For the Love of Travel
For the Love of Travel

Kaiteriteri’s golden allure

At the top of the South Island, Kaiteriteri Beach holds a special place in many Kiwis’ hearts. As a Christchurch boy, Kaiteriteri is like a byword for family summer holiday, writes Mike Yardley.

Awakening to that fabled arc of golden sand, washed by the gentle waves of Kaiteriteri Beach is one of life’s great pleasures. It’s all the more pleasurable from February onwards, when the peak summer crush has cleared out. Savouring the first crack of daybreak across the wide sweep of Tasman Bay is appointment viewing. Kaiteriteri Reserve Apartments is the unrivalled location from which to bask in the brilliance of this celebrated holiday hotspot.  It is the postcard-perfect beach, glistening turquoise water, thickly-forested headlands, gloriously golden sand and that classic crescent shape. If you want really want to push the boat out, book a Two Bedroom Superior Apartment, for absolute beachfront views from your balcony.

Top views from the top of the South

Be sure to take the short stroll north from the beach up to Kaka Point. In addition to the serene views, this historic reserve is of cultural importance to tāngata whenua, as some plaques at the top of the trail duly explain. From there, follow the path to the neighbouring hideaway of seclusion, Breaker Bay, which feels like an escapist bolt-hole compared to the summer hordes at Kaiteriteri. The southern end of the beach connects with Little Kaiteriteri, weaving around the headland and down a wooden staircase to the peaceful and tranquil beach on the other side. At low tide, you can shimmy around the rocks to this less-trafficked slice of golden sand.

Kaiteriteri's top holiday spots
Kaiteriteri’s top holiday spots. Photo: Tourism New Zealand

Abel Tasman National Park

After taking my fill of the sensory splendour that Kaiteriteri lays on thick, I took a fleeting foray into the heart of The Abel Tasman National Park. Accorded national park status in 1942, that winning blend of sun-splashed crystalline waters, verdant forest and sweeping golden sands commands its siren-like allure.  Whether you’re seeking to blaze some hiking trails, strike out on a sea kayak or simply bliss out in a beautifully secluded bay, The Abel Tasman delivers in spades.  The essential go-to pros to spirit you across the waters are Abel Tasman Sea Shuttles.  This trusty transportation and scenic cruise company has been plying the waters for over 20 years, with Keith and Heather Knapp at the helm.

Abel Tasman Sea Shuttles. Photo: Mike Yardley

We passed by Adele Island, a flourishing wildlife sanctuary, where the chorus of birdsong rings from the treetops. Adele Island is home to one of New Zealand’s rarest birds – the South Island saddleback (tīeke). With only 650 left in the world, the work of the Abel Tasman Birdsong Trust to create a predator-free sanctuary and reintroduce endangered species to the park has resulted in a new breeding ground for these vulnerable birds. We called into all of the key points on the Abel Tasman Coastal Track, including Apple Tree Bay, Anchorage, Torrent Bay and Medlands Beach, where a multitude of happy hikers alighted and rejoined our vessel.  I loved admiring the whimsical shapes and contortions of the sculptured granite cliffs that line the coastline – an indelible calling card of The Abel Tasman.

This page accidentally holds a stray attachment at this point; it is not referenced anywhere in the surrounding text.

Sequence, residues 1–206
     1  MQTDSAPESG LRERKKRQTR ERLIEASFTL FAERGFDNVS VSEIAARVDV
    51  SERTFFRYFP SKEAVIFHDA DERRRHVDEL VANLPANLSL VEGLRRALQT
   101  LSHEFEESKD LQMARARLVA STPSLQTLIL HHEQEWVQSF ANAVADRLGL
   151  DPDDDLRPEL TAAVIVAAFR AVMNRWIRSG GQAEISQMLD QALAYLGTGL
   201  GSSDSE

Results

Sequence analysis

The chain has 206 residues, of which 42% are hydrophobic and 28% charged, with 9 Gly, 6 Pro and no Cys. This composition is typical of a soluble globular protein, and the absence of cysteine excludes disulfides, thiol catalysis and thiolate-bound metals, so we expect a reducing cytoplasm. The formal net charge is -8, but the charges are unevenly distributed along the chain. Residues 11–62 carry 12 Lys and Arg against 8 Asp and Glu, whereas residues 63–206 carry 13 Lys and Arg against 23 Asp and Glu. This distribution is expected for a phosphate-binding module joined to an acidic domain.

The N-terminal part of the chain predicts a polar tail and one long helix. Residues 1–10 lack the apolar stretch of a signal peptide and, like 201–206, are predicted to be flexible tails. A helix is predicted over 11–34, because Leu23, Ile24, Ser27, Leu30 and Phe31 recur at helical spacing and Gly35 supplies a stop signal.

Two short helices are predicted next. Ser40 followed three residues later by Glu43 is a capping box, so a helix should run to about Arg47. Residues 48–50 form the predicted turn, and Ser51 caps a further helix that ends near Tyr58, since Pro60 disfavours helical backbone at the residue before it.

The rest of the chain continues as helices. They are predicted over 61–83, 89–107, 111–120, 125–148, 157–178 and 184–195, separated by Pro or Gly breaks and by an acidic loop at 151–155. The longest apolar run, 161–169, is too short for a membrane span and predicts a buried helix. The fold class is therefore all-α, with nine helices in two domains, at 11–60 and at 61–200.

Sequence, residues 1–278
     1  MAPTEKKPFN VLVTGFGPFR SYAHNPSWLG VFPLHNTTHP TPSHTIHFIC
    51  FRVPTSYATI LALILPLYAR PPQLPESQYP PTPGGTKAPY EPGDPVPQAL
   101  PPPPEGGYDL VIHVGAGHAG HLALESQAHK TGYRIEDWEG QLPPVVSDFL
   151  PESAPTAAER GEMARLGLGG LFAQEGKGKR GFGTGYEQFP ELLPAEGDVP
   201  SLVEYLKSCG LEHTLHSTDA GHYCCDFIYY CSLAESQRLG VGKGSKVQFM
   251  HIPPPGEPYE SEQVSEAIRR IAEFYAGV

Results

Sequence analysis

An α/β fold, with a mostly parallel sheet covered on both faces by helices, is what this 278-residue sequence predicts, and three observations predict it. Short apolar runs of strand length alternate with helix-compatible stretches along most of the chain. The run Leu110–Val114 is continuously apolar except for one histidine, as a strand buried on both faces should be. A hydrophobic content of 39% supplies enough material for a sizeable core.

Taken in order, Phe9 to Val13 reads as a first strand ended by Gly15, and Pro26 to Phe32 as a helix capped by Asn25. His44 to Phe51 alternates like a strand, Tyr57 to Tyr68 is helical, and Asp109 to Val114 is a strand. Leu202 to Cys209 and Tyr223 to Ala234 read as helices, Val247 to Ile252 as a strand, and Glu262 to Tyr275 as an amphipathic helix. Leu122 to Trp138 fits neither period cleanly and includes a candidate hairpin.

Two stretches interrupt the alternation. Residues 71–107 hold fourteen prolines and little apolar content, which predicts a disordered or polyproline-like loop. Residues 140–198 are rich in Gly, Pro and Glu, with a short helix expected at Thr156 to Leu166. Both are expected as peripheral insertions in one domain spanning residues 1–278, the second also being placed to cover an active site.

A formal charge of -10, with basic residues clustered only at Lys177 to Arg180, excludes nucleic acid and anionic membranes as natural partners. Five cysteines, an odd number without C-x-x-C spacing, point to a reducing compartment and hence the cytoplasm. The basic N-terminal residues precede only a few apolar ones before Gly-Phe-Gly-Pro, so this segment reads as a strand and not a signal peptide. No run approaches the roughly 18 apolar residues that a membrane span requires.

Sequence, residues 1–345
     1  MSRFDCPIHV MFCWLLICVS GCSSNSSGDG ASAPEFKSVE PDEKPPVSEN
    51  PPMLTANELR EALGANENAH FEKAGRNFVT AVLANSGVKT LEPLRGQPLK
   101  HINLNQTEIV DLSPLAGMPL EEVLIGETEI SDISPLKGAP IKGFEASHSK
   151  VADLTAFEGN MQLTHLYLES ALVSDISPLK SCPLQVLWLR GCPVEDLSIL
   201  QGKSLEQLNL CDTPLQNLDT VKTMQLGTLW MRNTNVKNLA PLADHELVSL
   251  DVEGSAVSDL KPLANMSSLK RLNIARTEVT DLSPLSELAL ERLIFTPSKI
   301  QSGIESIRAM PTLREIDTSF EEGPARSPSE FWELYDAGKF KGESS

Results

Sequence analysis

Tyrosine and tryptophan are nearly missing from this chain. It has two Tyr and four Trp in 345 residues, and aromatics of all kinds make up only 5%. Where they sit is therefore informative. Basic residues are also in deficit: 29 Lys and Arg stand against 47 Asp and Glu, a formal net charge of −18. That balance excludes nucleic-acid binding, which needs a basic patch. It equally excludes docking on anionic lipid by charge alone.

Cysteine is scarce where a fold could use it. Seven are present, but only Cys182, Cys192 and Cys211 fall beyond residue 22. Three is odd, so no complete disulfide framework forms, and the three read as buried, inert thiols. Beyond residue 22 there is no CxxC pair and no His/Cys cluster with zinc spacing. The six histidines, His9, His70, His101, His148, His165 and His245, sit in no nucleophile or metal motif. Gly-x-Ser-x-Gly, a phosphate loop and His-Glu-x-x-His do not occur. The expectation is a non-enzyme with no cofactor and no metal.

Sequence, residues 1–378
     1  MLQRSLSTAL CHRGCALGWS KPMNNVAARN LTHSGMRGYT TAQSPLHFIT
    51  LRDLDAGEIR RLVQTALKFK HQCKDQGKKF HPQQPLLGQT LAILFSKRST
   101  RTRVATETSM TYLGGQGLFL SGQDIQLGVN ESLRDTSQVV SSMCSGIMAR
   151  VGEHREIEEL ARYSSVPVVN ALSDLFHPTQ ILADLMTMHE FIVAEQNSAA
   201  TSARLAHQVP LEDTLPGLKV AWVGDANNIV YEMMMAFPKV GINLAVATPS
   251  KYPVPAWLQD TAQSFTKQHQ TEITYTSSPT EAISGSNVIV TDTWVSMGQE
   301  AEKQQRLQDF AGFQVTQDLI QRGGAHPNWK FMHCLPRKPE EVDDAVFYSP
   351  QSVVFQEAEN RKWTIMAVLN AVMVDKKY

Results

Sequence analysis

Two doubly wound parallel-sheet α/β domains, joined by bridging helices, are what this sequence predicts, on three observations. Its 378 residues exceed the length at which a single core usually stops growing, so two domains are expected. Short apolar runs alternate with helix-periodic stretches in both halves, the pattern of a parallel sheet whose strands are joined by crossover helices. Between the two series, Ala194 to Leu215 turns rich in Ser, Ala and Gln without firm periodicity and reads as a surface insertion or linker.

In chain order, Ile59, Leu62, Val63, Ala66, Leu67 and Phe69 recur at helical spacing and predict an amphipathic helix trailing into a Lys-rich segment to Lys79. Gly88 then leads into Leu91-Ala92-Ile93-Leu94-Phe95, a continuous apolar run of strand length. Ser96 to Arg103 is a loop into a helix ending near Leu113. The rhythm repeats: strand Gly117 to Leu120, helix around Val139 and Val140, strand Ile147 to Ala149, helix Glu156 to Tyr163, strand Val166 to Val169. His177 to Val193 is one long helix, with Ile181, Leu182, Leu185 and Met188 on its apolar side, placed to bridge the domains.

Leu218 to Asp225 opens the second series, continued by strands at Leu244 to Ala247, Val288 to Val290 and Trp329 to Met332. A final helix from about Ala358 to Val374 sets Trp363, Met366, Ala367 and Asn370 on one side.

Kaiteriteri sunrise. Photo: Mike Yardley

Awaroa Lodge

Just prior to arriving at Awaroa Lodge, my skipper gave our group a great introductory overview of the Tonga Island Marine Reserve, spanning Bark Bay to Awaroa Bay. Taking its name from the island it is based around, a heaving colony of fur seals were lazy on the rocks, within metres of our passing boat. It’s also a fiendishly popular hangout spot for kayakers, given the high chances of encountering little blue penguins and a pod of dolphins in these parts.  Operating a year-round schedule of cruises, with a dramatically expanded roster of options in the warmer months, Abel Tasman Sea Shuttles embodies the spirit of this wondrous part of the world.

Lounge at Awaroa Lodge
Lounge at Awaroa Lodge. Photo: Mike Yardley

Abel Tasman Coast Track

The Abel Tasman Coast Track is a breathtaking but easily accomplished multi-day walk. I recommend walking it over four days, so you have ample time to swim, get sand between your toes, and accomplish some incredible hiking without being rushed. You get to revel in the thrill of hiking one of New Zealand’s Great Walks with a day to rest and recuperate in the lap of luxury at Awaroa Lodge. Push the boat out and book a Superior Suite for escapism in excelsis. These architecturally designed suites were conceived with comfort and style in mind, wrapping you in nature while still being spoilt with all of the home comforts.

Punga ferns at the Abel Tasman Coastal Track
Punga ferns at the Abel Tasman Coastal Track. Photo: Mike Yardley

There’s a variety of tranquil walks at your disposal from the retreat, zipping you up to the Abel Tasman Coastal Track, in addition to some secondary tracks. Be sure to strike out on the 30 minute Wetland Walk, where you’ll likely spot the recently released pateke ducks (brown teal.) I absolutely adored the Sky Track Walk, which hoists you up the hillside to join the Abel Tasman Coastal Track for the most radiant views across the expanse of Awaroa Bay. South of the lodge you can also burn off the restaurant indulgence on the Tonga Arches Walk, which leads you down to the old Tonga quarry, where granite was cut, while further along you’ll relish the Tonga Arches – naturally created forms sculpted by the elements.

Kayaking at split apple rock. Photo: Supplied.
Also read: The allure of Picton and Queen Charlotte Sound